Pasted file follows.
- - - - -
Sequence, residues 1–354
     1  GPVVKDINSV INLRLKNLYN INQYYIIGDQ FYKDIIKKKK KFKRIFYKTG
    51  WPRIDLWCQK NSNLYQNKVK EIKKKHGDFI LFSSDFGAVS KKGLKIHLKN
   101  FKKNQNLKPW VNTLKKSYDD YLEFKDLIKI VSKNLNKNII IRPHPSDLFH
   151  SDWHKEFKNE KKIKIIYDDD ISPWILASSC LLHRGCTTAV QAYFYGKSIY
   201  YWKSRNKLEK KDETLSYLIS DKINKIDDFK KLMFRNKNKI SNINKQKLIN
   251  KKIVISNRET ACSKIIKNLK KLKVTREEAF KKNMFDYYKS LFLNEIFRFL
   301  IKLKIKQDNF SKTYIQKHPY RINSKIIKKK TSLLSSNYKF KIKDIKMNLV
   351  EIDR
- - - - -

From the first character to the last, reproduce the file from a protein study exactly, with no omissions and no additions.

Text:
Sequence, residues 1–354
     1  GPVVKDINSV INLRLKNLYN INQYYIIGDQ FYKDIIKKKK KFKRIFYKTG
    51  WPRIDLWCQK NSNLYQNKVK EIKKKHGDFI LFSSDFGAVS KKGLKIHLKN
   101  FKKNQNLKPW VNTLKKSYDD YLEFKDLIKI VSKNLNKNII IRPHPSDLFH
   151  SDWHKEFKNE KKIKIIYDDD ISPWILASSC LLHRGCTTAV QAYFYGKSIY
   201  YWKSRNKLEK KDETLSYLIS DKINKIDDFK KLMFRNKNKI SNINKQKLIN
   251  KKIVISNRET ACSKIIKNLK KLKVTREEAF KKNMFDYYKS LFLNEIFRFL
   301  IKLKIKQDNF SKTYIQKHPY RINSKIIKKK TSLLSSNYKF KIKDIKMNLV
   351  EIDR